What is it?
Set to go on sale in South Korea and North America in early 2018, the new G70 is a sister model to the new Kia Stinger and is the third dedicated Genesis model after the larger G80 and G90. The G70 and Stinger share a platform, which uses a longitudinally mounted engine and offers the choice of front or rear-wheel drive.
While the saloon will not come to the UK in the short term, Genesis confirms a strategy is in place to introduce the G70 to European markets by the end of the decade, by which time it also plans to introduce up to three SUV models as part of a six-strong global line-up.
At 4685mm in length, 1850mm in width and 1400mm in height, the G70 is 61mm longer, 39mm wider and 31mm lower than the 3 Series saloon – a car that Genesis chairman Manfred Fitzgerald said has played a decisive role in its development.
We’ll leave you to decide whether you like the look of the upmarket Hyundai brand’s latest model. But the G70 does boast better proportions than many recent executive-class saloons: a long bonnet and backwards sweep to the cabin emphasise its rear-wheel-drive layout, while wide tracks and a long wheelbase provide it with a satisfying stance and suitably short overhangs. To our eyes, its best angle is the rear three-quarter view, with a muscular rear fender providing a purposeful appearance.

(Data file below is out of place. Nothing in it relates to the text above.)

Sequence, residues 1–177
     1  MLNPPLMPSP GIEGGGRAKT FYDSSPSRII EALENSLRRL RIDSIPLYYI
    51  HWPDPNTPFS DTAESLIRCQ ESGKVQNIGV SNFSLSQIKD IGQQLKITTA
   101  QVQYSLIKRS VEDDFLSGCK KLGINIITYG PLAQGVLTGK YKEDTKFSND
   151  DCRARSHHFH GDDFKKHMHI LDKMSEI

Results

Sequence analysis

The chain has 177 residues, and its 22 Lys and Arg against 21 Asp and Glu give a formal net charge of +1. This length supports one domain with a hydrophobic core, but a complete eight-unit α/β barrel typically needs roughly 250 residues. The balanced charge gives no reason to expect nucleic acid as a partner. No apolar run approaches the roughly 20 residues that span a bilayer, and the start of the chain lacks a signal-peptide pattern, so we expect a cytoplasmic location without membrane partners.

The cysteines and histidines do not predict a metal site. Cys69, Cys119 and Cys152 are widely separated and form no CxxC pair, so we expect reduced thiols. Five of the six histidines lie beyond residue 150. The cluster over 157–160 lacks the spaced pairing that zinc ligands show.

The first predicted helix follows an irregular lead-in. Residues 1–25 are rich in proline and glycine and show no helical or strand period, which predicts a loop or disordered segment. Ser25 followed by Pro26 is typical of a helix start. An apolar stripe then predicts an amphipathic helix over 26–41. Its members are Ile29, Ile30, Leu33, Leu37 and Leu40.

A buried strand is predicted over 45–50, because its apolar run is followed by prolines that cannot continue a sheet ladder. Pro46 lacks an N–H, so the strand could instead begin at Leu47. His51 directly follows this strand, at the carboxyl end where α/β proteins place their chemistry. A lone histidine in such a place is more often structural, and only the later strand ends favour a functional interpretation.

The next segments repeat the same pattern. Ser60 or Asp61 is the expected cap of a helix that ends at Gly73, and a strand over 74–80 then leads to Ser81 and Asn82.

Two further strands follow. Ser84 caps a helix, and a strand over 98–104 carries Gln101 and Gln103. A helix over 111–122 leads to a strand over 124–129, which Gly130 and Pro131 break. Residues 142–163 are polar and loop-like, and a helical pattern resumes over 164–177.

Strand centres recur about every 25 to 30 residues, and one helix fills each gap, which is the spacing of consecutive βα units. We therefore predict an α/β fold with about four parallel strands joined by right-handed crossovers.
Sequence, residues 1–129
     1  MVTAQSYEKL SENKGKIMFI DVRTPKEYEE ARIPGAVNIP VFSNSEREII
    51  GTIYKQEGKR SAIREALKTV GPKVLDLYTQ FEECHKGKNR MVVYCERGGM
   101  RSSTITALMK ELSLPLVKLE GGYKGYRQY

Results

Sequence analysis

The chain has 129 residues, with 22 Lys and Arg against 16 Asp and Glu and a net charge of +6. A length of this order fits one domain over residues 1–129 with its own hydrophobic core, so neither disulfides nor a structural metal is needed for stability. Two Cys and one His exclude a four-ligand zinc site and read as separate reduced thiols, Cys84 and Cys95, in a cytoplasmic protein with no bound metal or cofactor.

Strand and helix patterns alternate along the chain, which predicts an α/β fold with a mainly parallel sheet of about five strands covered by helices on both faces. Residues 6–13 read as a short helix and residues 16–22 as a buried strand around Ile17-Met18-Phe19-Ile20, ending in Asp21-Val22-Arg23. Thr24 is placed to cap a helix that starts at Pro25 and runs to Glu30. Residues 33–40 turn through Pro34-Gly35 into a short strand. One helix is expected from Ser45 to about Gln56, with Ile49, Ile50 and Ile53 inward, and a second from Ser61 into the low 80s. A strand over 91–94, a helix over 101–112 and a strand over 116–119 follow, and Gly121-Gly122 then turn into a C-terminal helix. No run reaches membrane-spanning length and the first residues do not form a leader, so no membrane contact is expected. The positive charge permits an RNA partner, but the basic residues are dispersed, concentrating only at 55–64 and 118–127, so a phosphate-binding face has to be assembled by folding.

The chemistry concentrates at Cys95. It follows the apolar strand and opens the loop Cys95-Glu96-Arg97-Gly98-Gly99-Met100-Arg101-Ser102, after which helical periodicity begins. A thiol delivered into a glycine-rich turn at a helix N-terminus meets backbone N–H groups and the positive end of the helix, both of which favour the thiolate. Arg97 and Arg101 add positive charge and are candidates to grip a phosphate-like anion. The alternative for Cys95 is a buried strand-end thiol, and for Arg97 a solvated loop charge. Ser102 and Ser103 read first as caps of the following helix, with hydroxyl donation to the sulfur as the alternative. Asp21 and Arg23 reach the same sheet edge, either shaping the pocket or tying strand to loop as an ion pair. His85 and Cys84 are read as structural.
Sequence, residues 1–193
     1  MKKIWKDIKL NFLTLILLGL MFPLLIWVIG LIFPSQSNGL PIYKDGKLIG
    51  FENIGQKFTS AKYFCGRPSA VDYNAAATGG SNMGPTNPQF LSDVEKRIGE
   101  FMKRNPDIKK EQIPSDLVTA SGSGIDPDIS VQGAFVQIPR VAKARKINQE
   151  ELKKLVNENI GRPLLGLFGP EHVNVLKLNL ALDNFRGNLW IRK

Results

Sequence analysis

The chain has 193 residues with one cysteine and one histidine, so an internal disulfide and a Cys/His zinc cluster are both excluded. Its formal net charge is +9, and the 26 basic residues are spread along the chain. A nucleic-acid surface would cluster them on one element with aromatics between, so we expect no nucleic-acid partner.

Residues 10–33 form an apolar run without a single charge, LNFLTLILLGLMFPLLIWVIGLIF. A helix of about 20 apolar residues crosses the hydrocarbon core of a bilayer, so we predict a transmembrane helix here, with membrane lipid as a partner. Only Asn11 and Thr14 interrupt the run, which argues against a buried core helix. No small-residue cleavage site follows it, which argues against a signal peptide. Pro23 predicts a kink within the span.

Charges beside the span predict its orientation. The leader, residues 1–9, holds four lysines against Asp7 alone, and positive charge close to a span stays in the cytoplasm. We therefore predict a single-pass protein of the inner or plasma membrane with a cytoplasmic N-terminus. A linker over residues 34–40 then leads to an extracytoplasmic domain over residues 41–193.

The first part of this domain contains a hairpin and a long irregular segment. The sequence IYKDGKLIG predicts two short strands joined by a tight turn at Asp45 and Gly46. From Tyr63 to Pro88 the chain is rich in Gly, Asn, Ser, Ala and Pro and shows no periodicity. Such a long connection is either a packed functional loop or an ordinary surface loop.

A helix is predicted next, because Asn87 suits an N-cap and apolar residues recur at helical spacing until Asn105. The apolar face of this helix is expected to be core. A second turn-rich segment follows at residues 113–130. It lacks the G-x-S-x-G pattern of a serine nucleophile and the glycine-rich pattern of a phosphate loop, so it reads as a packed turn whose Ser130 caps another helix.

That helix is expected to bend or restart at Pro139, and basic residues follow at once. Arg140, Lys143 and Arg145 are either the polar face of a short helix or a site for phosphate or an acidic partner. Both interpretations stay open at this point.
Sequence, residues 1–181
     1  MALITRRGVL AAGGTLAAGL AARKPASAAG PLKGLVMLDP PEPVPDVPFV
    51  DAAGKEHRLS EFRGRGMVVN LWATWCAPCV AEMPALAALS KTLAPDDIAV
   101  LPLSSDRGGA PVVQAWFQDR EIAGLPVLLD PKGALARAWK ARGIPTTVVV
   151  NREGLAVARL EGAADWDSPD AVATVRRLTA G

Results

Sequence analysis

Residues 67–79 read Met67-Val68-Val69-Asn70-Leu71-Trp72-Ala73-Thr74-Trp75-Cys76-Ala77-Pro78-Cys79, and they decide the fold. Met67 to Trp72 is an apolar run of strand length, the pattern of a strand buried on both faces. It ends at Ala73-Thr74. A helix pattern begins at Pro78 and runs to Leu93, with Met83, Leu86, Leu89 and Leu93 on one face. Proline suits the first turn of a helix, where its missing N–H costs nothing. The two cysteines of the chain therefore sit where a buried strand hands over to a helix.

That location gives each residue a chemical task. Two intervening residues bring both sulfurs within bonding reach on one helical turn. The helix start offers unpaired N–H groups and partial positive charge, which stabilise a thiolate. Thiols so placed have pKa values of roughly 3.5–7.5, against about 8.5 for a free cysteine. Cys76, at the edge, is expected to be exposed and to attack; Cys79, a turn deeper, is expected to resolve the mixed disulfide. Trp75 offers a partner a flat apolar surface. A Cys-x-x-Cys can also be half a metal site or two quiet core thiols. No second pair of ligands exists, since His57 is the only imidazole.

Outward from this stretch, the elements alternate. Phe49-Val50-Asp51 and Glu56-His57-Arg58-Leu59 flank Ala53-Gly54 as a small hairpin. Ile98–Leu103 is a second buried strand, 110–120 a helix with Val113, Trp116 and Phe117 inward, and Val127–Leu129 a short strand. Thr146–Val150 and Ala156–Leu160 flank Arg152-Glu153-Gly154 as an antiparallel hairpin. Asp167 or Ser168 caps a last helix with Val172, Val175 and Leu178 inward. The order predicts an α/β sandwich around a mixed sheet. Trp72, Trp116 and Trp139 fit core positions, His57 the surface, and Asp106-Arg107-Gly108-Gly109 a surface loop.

The G70 will offer three turbocharged engines in combination with either standard rear-wheel drive or optional four-wheel drive, including a headlining 3.3-litre V6 petrol unit delivering 365bhp and 383lb ft of torque. This endows the range-topping model with 44bhp and 51lb ft more than the turbocharged 3.0-litre in-line six-cylinder petrol engine used by the 340i.
There’s also a 2.0-litre four-cylinder petrol unit with 252bhp and 265lb ft in standard guise and a more powerful 255bhp with the same 265lb ft when combined with an optional Sport Package. With an eye on Europe, the G70 also gets a 2.2-litre four-cylinder common rail diesel with 202bhp and 332lb ft.
The V6 engine in the G70 AWD driven here has a sporting edge that will be appreciated by enthusiasts. There is plenty of torque concentrated down low and a free-revving nature to its delivery means it can be worked hard without any undue harshness. The standard eight-speed automatic gearbox, on the other hand, is a little slow to react both in automatic and manual modes, even if the actual shifts are quite smooth.
It is not meant to be an out-and-out performance saloon. However, the initial top-of-the-line G70 AWD’s claimed 0-62mph time of 4.7sec is quicker than the time quoted for the 340i xDrive. It also tops its German rival on top speed at 168mph versus a limited 155mph. Fuel consumption is a disappointment, though: the Genesis returns 25.5mpg against an impressive 40.9mpg for the BMW.